* As Erik says quite succinctly, "Criticism has it's place. I think it has value. If you follow the writing of a certain critic and become accustomed to his or her taste in relation to yours, you can get a decent idea of whether or not you might like something. And I think that's valuable."

And that's really the key, finding someone whose comic "eye" for art and "ear" for dialogue most closely resembles your own unique appreciation of the medium and using them as a guide.

He goes on to explain the value of critical anaylsis for creators. If a reader or reviewer thinks something is confusing, he wants to know that. If they think something was fantastic, he wants to know that too. He won't always *use* that feedback as a creator with his own vision or alter his style necessarily, but it can help with developing the craft. All in all a great column from someone I have a new found respect for.

1.18.06 Reviews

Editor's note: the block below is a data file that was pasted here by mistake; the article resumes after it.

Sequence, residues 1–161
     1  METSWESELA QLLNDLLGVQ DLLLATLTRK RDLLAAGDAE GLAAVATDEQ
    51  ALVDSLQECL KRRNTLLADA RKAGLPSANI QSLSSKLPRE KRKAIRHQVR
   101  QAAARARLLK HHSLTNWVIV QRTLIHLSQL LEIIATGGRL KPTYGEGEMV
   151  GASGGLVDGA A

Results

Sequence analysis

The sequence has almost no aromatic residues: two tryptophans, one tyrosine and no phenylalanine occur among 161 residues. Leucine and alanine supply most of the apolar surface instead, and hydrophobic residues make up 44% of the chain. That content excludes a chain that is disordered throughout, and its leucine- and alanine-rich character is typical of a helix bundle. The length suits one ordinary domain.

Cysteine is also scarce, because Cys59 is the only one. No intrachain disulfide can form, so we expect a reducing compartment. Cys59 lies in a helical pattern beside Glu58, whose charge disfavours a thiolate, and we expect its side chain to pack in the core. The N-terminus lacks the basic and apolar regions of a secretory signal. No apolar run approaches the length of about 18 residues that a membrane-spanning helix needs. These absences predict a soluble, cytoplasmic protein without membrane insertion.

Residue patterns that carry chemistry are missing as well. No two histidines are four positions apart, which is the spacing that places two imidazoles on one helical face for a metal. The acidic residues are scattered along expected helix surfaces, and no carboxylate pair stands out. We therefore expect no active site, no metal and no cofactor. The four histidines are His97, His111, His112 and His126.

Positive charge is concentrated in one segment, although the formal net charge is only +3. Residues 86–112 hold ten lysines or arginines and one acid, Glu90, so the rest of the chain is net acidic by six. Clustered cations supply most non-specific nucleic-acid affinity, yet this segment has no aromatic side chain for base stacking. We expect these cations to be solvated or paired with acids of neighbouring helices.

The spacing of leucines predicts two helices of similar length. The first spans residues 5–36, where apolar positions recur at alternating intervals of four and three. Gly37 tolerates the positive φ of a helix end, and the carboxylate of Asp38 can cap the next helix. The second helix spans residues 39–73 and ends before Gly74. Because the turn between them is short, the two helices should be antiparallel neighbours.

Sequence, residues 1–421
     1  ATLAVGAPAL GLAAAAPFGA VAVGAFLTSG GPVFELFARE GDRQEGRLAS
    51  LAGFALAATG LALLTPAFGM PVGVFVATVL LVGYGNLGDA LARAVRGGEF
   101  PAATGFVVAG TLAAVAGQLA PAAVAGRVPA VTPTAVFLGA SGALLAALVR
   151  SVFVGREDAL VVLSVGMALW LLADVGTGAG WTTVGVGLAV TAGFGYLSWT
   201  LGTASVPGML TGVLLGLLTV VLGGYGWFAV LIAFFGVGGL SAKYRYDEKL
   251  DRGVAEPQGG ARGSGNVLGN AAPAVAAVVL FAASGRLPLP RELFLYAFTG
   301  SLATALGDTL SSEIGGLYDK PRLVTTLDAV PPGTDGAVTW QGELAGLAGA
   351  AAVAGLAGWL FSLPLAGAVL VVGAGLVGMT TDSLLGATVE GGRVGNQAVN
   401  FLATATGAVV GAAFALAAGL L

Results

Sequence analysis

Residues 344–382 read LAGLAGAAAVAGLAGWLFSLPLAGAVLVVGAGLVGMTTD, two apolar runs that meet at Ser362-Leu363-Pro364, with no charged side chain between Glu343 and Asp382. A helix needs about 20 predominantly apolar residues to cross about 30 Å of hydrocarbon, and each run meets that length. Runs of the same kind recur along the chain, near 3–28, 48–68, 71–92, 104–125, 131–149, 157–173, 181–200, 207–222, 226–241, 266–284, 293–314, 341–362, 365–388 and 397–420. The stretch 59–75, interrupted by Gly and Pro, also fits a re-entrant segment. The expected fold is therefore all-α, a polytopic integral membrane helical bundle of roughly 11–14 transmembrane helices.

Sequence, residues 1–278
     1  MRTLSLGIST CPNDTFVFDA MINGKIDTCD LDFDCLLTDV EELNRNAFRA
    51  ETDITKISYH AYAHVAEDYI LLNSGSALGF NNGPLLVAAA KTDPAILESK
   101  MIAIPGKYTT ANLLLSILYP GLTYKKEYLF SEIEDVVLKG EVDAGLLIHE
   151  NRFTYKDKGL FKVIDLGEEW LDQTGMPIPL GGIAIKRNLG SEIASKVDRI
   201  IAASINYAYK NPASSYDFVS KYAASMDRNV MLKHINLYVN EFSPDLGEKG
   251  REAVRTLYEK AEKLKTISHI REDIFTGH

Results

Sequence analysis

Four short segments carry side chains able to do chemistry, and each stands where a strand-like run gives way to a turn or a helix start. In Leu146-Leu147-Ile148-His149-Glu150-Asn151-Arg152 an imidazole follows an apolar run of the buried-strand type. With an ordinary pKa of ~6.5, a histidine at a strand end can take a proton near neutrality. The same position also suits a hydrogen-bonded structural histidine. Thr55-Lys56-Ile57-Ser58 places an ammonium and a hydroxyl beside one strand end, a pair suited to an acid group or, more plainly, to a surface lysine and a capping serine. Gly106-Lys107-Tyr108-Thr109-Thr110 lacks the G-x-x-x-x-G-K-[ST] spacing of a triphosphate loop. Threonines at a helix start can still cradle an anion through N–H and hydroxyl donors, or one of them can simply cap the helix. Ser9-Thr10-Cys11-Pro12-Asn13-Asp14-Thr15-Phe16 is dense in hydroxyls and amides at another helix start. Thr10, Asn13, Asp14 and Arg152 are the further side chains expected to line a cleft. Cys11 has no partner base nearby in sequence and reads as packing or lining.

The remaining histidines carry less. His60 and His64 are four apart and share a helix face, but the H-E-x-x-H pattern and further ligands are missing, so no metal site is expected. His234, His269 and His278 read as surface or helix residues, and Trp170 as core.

Planetary #24 (DC/Wildstorm): You can sort of feel the series culminating with some much needed exposition from Elijah Snow as this builds toward a final confrontation. Not much to say, the usual amazing art from John Cassaday and great scripting from Ellis. There are some long awaited reveals about Jakita's origin which play nicely. The intricate plot will obviously read better in trade collections, but I need my fix since it ships so erratically. I'm basically waiting for the series to conclude so that I can buy the final oversized Absolute Edition and read it all over again in one sitting. Grade A.